Until 2005 there had not been any private health insurance offering a complex package of medical services in Poland. At present, private insurance against costs of treatment are slowly becoming more popular and more available. Such product can be found in the offer of the following companies: Allianz, AXA, Compensa, InterRisk, PZU. As far as private health insurance is concerned, unfavorable phenomenon is the so-called “risk selection” (also known as taking the best bits). It means that the insurer selects such risk which he expects will have lower costs of service than the amount of collected premiums. In practice it boils down to limiting the access to insurance offer for the people with high health risk. Unfortunately, a person with health problems generates high costs of medical treatment and as a result becomes “persona non grata” for the insurer.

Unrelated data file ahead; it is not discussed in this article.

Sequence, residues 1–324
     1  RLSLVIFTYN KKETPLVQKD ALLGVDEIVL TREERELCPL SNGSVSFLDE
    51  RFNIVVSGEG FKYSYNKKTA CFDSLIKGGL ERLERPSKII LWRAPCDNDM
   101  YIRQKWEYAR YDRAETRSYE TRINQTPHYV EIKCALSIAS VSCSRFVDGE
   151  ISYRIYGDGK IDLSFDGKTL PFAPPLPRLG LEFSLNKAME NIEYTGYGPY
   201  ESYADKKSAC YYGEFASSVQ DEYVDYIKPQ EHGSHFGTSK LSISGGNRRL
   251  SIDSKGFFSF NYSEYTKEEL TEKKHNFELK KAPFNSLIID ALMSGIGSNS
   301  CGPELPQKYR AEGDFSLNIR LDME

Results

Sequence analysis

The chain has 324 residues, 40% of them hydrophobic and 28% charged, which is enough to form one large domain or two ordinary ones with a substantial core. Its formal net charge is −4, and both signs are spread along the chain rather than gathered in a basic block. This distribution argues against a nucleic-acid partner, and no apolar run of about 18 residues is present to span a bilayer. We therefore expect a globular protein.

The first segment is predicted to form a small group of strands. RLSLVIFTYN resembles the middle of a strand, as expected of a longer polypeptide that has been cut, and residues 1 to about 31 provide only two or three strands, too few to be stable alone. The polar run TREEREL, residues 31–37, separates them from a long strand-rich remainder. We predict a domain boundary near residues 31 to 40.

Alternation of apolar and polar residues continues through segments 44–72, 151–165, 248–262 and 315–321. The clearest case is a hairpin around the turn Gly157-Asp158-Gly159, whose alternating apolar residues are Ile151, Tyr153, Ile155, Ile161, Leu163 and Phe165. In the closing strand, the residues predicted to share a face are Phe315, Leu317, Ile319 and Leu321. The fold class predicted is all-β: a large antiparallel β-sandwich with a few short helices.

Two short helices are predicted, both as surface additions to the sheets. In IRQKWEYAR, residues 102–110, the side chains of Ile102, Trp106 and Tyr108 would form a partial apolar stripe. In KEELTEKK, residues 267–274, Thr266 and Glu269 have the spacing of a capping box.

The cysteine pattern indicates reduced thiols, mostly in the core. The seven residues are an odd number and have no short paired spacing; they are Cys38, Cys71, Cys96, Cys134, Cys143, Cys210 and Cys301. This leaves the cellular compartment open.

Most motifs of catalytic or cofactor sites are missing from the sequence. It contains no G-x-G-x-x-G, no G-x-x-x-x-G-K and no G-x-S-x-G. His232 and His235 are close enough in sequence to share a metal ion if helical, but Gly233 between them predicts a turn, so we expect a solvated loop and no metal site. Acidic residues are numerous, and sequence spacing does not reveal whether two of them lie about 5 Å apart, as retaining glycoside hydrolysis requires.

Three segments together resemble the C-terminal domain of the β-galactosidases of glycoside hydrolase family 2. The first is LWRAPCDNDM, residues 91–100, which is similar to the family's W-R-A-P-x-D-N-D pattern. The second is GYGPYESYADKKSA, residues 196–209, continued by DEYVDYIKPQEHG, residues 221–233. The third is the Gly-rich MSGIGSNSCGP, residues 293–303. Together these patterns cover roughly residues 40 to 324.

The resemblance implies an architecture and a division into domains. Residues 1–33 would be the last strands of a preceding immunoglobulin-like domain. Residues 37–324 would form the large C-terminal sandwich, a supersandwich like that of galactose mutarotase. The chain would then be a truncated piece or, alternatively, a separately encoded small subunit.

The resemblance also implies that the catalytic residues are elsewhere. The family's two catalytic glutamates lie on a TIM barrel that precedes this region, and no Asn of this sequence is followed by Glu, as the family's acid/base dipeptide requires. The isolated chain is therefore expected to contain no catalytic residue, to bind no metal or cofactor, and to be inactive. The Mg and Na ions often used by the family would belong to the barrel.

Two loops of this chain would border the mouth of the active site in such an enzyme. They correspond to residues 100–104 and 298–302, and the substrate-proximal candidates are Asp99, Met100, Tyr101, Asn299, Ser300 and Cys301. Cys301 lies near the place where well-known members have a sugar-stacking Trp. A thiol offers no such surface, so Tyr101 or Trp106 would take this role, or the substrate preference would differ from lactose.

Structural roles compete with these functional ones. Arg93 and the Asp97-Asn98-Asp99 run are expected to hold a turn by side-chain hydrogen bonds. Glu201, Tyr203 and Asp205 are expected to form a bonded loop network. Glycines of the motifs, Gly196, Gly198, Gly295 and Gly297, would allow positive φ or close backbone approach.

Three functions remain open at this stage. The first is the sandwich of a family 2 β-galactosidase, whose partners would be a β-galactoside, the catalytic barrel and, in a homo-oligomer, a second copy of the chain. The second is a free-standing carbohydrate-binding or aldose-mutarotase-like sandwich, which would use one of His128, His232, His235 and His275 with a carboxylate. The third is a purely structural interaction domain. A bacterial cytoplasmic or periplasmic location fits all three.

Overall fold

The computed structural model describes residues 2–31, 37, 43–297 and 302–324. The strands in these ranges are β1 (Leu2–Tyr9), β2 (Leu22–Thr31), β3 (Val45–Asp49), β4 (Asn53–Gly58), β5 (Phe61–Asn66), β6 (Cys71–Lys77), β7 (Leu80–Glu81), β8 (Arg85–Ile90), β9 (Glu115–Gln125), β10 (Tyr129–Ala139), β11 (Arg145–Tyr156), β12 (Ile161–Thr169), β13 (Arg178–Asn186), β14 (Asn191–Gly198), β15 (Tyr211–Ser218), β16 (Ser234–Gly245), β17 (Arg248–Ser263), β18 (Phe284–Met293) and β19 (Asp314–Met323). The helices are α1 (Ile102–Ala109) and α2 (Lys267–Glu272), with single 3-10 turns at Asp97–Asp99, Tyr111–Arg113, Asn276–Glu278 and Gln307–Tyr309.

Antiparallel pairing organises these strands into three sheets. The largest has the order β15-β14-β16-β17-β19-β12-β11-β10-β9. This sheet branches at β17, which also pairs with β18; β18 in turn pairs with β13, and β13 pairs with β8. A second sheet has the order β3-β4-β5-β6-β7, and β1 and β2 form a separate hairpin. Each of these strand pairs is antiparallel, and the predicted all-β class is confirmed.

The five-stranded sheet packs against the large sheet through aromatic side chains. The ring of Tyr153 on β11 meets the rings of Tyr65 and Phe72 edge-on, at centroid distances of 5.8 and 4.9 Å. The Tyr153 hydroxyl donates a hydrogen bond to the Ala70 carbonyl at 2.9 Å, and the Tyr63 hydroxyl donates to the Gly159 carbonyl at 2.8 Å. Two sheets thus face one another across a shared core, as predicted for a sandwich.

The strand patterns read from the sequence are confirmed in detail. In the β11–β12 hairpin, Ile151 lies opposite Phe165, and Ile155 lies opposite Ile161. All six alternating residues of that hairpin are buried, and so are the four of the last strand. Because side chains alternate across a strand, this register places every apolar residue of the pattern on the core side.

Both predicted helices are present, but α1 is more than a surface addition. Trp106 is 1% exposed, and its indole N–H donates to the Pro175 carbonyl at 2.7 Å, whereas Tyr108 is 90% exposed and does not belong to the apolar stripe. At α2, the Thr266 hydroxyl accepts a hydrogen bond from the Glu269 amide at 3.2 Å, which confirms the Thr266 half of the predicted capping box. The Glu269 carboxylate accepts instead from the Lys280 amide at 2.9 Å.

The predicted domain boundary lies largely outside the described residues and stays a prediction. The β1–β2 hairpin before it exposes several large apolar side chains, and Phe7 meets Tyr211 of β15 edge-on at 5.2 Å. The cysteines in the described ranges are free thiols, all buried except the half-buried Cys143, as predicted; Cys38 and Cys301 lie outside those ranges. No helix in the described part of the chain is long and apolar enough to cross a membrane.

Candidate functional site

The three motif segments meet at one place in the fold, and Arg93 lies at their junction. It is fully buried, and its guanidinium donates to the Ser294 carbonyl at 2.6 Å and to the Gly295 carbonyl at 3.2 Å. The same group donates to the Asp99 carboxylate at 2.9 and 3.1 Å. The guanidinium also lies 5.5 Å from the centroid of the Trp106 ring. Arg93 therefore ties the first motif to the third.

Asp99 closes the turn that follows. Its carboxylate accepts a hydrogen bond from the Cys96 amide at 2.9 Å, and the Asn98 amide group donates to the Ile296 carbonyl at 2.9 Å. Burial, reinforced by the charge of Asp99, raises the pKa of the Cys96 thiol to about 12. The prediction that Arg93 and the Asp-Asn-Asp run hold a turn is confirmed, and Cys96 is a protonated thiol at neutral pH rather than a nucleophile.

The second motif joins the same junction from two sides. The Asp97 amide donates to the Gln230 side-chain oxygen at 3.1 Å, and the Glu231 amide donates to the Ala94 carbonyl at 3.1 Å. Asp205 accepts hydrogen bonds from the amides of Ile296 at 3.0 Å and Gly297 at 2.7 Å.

The aim of the insurance contract and the subscription contract is the same – to provide access to private health services for lump payment. The subject of both contracts is similar (medical care/providing health services), however the legal nature is different. The advantage of health insurance, which also constitutes a difference between insurance and subscription, is direct statutory regulation of the product and specific supervision of it (Polish Financial Supervision Authority). In case of insurance policies a patient may use not only one center but several of them. In case of a subscription patients have at their disposal one center or network. Service providers offering subscriptions are usually operating in large cities, therefore inhabitants of smaller towns are recommended to conclude insurance contracts. In case of insurance policies a patient has more freedom to choose the center providing services and such a solution is cheaper. Subscription fee does not depend on age and health condition of a patient. It is quite different in insurance companies (age and health condition do influence the amount of